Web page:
Brain cancer

One of the major focus areas of our work is understanding glioblastoma, an aggressive, invasive and deadly form of brain cancer. This type of cancer has no cure, with survival rates being only 9 – 18 months on average after diagnosis. Research providing deeper understanding of glioblastoma pathology and the mechanisms of tumour pathogenesis is vital.

Our lab focuses on a purinergic receptor and its role in glioblastoma proliferation called P2X7R. The research we do is based on real life patient samples (obtained during surgery or tumour resection, with prior patient consent) with a focus on the cellular and molecular basis of tumour growth and invasion. Our ultimate aim is to develop targeted therapies for glioblastoma eradication.

Our research is highly collaborative involving Melbourne Health, Alfred Health and the University of Melbourne bringing neuroscientists, neurosurgeons and neurologists together with the aim of understanding glioblastoma pathogenesis and proliferation.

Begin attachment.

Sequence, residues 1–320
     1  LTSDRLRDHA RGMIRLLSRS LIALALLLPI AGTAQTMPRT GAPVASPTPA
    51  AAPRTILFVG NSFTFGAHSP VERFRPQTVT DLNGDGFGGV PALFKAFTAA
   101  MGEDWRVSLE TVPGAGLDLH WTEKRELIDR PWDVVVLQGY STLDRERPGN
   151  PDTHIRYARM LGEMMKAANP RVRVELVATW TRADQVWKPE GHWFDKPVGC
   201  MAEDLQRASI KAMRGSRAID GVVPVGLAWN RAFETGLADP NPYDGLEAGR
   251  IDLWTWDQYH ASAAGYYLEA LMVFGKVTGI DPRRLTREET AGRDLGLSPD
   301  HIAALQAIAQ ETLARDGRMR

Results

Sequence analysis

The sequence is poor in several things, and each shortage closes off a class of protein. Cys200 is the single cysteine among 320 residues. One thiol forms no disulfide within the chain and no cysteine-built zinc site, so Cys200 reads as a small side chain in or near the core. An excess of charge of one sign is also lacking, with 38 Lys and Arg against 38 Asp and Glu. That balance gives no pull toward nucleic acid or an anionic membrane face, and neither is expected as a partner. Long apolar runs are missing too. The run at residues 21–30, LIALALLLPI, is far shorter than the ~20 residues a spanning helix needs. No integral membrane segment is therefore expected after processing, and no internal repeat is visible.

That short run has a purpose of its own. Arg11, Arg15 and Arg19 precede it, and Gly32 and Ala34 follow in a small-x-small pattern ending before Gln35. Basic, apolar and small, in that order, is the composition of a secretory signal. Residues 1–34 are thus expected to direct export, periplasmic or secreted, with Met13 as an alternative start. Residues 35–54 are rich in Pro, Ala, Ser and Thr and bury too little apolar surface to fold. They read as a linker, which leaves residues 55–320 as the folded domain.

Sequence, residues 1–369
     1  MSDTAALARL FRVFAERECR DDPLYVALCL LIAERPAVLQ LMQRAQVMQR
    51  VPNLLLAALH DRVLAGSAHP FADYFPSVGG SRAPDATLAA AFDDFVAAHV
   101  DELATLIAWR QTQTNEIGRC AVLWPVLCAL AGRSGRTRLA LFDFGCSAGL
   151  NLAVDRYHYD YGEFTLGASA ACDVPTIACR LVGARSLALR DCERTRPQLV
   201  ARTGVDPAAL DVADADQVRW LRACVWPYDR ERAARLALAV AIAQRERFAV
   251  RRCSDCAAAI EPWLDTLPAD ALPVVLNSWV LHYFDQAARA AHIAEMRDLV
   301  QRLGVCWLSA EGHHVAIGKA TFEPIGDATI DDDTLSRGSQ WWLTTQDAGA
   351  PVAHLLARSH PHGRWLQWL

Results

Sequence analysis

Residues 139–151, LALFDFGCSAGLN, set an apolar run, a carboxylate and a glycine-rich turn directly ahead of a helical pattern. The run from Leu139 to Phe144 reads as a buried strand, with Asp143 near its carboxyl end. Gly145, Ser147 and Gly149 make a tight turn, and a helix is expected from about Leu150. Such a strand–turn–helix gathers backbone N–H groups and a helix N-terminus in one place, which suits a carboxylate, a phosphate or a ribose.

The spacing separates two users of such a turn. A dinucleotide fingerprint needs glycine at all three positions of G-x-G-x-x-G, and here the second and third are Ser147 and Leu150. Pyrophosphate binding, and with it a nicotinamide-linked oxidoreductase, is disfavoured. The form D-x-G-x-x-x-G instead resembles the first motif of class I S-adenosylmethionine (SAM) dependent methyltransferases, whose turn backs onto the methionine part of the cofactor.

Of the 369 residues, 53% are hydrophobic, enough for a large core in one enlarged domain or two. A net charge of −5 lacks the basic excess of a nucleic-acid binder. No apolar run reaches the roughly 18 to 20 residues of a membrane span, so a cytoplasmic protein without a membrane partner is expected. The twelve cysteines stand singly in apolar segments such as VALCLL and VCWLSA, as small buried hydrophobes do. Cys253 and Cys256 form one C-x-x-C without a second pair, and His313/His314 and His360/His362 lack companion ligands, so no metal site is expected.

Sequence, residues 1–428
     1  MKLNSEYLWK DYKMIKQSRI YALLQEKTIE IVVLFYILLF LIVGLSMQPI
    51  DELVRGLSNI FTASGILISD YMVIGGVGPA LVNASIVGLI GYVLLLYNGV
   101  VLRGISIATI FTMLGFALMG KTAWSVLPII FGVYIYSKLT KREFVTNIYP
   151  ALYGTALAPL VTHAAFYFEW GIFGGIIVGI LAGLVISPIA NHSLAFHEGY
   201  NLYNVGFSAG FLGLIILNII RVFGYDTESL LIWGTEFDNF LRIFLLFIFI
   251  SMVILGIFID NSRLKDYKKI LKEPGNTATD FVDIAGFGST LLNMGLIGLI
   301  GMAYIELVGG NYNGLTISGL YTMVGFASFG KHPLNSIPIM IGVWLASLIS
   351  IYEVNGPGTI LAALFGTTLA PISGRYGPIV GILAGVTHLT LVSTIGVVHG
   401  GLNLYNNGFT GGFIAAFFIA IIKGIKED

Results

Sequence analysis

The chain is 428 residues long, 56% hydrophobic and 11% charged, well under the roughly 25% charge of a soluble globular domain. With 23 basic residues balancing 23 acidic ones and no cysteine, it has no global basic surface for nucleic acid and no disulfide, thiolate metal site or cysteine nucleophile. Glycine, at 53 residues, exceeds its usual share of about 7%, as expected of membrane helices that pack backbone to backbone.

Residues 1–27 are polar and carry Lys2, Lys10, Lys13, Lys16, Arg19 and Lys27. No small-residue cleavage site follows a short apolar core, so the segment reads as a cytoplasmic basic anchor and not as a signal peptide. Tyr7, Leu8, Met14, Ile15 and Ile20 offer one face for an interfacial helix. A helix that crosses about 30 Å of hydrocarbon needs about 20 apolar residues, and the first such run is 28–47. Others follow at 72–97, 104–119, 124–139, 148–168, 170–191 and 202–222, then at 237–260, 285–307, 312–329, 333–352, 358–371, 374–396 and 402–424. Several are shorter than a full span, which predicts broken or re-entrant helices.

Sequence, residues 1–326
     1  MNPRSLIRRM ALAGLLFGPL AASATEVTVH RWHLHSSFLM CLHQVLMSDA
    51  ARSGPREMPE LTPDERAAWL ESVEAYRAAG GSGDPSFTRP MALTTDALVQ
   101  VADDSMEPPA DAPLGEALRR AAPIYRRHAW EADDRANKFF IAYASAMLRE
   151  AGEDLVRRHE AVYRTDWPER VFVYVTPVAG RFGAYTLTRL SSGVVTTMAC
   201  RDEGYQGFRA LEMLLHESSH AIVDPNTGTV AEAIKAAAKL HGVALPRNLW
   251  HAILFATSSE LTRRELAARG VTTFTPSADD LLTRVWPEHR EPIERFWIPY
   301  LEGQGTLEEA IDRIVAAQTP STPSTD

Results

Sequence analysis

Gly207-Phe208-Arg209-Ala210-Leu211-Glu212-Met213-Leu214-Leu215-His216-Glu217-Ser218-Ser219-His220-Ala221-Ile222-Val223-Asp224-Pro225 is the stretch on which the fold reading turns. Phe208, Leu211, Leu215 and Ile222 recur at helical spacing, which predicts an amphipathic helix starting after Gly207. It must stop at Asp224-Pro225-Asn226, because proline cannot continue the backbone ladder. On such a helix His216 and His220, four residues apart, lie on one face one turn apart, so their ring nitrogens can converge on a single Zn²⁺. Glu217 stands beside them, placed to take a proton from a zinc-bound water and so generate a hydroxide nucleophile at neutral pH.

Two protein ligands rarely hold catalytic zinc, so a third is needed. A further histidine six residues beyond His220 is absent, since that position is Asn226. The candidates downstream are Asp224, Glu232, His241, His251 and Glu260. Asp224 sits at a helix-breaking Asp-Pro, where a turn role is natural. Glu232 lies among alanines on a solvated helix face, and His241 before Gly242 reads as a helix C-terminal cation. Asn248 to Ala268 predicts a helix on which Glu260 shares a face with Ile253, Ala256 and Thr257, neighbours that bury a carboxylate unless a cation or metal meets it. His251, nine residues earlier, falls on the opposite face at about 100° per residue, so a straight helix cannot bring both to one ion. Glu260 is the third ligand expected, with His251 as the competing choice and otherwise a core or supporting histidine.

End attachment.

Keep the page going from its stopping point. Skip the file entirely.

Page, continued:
In 2020, our group developed a cost-effective and reliable protocol for studying primary human glioblastoma tissue in the laboratory to advance traditional cell lines and animal models (see article below). We obtain surgically resected tissue for culturing using the Alfred Brain Tumour Bio-databank, situated within the Alfred Research Alliance Precinct in which we partner with the Department of Neurosurgery who manage this critical research infrastructure.

In further work, we have used a synthetically manufactured compound known as AZ10606120 as a potent and specific inhibitor of P2X7R in primary human glioblastoma cultures and found a substantial reduction in the number of tumour cells (see article below).


L – R: Ms Katrina Kan, Dr Mastura Monif and Mr Matthew Drill

News highlights

  • New technique for analysing aggressive brain tumour tissue. Find out more
  • Potent glioma tumour inhibitor discovery. Find out more
  • 2022 Rare Disease Day. View the video below.